IRF7Transcriptional activation of virus-inducible cellular genes, IFN-inducible geneUp-regulated in HIVHIV-induced type-I IFN response
ISG15Ubiquitin like modifier for innate defense, IFN-inducible geneUp-regulated in HIVHIV-induced type-I IFN response
ISG20Ubiquitin like modifier for innate defense, IFN-inducible geneUp-regulated in HIVHIV-induced type-I IFN response
LY6EIFN-inducible geneUp-regulated in HIVHIV-induced type-I IFN response
MX1Responsible for antiviral state against influenza virus infection, IFN-inducible geneUp-regulated in HIVHIV-induced type-I IFN response
MX2Responsible for antiviral state against influenza virus infection, IFN-inducible geneUp-regulated in HIVHIV-induced type-I IFN response
OAS1Viral RNA degradation and the inhibition of viral replication, IFN-inducible geneUp-regulated in HIVHIV-induced type-I IFN response
OAS2Viral RNA degradation and the inhibition of viral replication, IFN-inducible geneUp-regulated in HIVHIV-induced type-I IFN response
PLSCR1Responsible for the translocation of phospholipids, IFN-inducible geneUp-regulated in HIVHIV-induced type-I IFN response
PPIAInvolved in T cell activation, IFN-inducibleUp-regulated in HIVHIV-induced type-I IFN response
SP110Transcriptional coactivator, IFN-inducible geneUp-regulated in HIVHIV-induced type-I IFN response
STAT1IFN signalingUp-regulated in HIVHIV-induced type-I IFN response

HCV Infection Has a Global Effect on Peripheral Blood Immune Competent Cells.

To investigate the effect of ongoing HCV replication on various peripheral blood immune competent cells, we performed flow cytometry analysis for the expression of surface molecules whose genes were differentially regulated in the DNA microarray analysis. As show in Fig. 4, HCV replication has profound effects on B cells, NK cells, and on antigen-presenting cells. B cells from HCV-monoinfected individuals expressed a significantly higher percentage of CD10+ immature B cells in their peripheral blood when compared to that seen in the other groups (14.2 ± 0.8% [group B] versus 7.1 ± 0.3% [group A], 8.2 ± 1.1% [group C], 3.2 ± 0.1% [group D], and 3.9 ± 0.3%; P < 0.03 for group B versus the others). A significantly higher proportion of NK cells from HCV-monoinfected and HIV/HCV-coinfected individuals expressed the natural cytotoxicity receptor 3 (NCR3 or NKp30) on their surface compared to the other three groups (3 ± 0.4% [group A], 9.8 ± 0.3% [group B], 2.6 ± 0.4% [group C], 8.7 ± 0.7% [group D], and 1.8 ±0.2% [group E]; P < 0.04 for groups B and D versus groups A and C and P < 0.03 for groups B and D versus group E). The percentage of cells expressing CD80 in the peripheral blood of HCV-monoinfected subjects was significantly higher compared to that seen with the other four groups (5.1 ± 0.6% [group A], 14.3 ± 0.9% [group B], 4.8 ± 0.8% [group C], 5.1± 0.7% [group D], and 4.4 ± 0.5% group E; P < 0.03 for group B versus the others). The levels of expression of CD274 (PD-L1) were not significantly different among the groups (data not shown).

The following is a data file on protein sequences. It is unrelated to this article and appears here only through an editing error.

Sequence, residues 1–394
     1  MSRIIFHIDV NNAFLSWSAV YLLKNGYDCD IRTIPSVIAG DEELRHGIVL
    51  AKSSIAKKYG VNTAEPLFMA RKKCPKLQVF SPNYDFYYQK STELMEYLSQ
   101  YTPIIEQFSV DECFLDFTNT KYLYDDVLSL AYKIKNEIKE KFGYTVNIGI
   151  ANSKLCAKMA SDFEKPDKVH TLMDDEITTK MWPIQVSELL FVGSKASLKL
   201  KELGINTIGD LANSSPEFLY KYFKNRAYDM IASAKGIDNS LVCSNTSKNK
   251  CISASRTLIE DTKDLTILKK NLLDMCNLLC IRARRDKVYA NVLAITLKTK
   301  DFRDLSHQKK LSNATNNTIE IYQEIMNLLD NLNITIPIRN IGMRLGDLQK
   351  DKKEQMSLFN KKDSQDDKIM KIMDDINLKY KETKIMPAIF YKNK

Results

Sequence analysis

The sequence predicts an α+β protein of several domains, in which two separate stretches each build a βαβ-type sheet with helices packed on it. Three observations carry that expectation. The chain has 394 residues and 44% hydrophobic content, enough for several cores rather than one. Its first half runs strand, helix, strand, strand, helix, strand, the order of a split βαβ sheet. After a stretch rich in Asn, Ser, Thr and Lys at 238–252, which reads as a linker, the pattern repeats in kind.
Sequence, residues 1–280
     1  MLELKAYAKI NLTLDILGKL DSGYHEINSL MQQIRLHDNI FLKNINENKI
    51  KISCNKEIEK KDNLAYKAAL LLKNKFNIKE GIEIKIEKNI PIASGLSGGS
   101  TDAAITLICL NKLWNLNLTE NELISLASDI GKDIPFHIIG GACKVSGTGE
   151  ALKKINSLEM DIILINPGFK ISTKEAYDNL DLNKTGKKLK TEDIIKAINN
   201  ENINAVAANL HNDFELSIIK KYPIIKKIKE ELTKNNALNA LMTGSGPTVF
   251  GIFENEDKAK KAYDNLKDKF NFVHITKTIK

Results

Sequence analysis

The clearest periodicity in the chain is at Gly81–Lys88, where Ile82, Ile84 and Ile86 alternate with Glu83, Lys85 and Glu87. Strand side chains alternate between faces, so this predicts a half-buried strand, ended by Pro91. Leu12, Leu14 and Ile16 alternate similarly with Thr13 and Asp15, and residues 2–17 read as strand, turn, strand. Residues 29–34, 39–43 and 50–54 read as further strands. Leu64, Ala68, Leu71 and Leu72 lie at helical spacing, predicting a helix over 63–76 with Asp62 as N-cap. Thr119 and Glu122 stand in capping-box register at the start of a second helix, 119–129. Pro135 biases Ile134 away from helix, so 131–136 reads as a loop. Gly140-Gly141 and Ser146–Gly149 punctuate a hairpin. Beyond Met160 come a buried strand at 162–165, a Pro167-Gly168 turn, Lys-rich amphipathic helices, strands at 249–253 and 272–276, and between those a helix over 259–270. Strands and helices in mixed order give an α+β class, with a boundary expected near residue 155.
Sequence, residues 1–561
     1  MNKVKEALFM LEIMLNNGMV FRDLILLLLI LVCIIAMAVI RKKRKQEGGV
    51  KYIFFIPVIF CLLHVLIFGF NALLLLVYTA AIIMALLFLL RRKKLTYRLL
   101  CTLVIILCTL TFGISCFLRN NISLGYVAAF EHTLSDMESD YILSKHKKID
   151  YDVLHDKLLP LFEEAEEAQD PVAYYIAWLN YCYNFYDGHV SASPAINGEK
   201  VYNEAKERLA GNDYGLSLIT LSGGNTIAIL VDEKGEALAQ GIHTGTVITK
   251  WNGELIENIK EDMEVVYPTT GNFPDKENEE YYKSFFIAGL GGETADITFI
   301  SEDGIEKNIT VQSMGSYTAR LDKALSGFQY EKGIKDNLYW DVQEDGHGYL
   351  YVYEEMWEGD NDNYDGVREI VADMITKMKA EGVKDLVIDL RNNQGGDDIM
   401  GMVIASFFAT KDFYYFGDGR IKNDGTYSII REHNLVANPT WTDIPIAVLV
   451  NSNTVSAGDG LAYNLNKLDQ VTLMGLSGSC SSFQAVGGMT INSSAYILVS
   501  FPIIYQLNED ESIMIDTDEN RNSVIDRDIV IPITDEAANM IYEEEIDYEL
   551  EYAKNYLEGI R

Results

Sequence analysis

thumbnail image

Figure 4. HCV infection has a global effect on immune cells. (A) The percentage of CD10+ immature B cells in the peripheral blood measured by flow cytometry from five individuals in the HCV-monoinfected group was significantly higher than that of the other four groups (P < 0.03). (B) The percentage of NKp30+ cells among NK cells in the peripheral blood was measured by flow cytometry from the five groups. HCV-infected (both monoinfected and HIV-coinfected) individuals had a significantly higher percentage of NKp30+ NK cells than that of the other groups (P < 0.04). (C) The percentage of CD80+ cells among CD3− in HCV-monoinfected individuals was significantly higher than that of the other four groups (P < 0.03).

Download figure to PowerPoint

Higher Levels of Markers of Hepatic Injury Were Secreted by PBMCs of Individuals with Chronic Hepatitis C Infection.

Several noninvasive markers of liver fibrosis have been identified in individuals with chronic hepatitis B and C infection.34 We selected markers of liver fibrosis CX3CL1 and IGF-R1 from cluster 6 and two whose gene expressions were also up-regulated in groups B and D (HCV-monoinfected and HCV/HIV-coinfected subjects) (Fig. 3). CX3CL1 and its receptor CX3CR1 have been found to be associated with liver injury and have been suggested to be a marker of liver disease.35 When we measured the levels of CX3CL1 expression in the supernatants of PBMCs, the cells from HCV-monoinfected subjects produced significantly higher levels of CX3CL1 than did cells from the other four groups (Fig. 5A; 276 ± 18 pg/mL [group A], 2870 ± 420 pg/mL [group B], 1020 ± 180 pg/mL [group C], 950 ± 110 pg/mL [group D], and 180 ± 30 pg/mL [group E]; P < 0.02 for group B versus groups C and D and P < 0.01 for group B versus groups A and E). IGF-R1 expression (mean fluorescent intensity) was significantly higher among HCV-monoinfected and HCV/HIV-coinfected subjects than that of the other groups (72 ± 3% [group A], 198 ± 9% [group B], 82 ± 8% [group C], 202 ± 12% [group D], and 87 ± 5% [group E]; P value < 0.03 for groups B and D versus others). These results also validate the respective gene expression pattern observed with DNA microarray analysis.

thumbnail image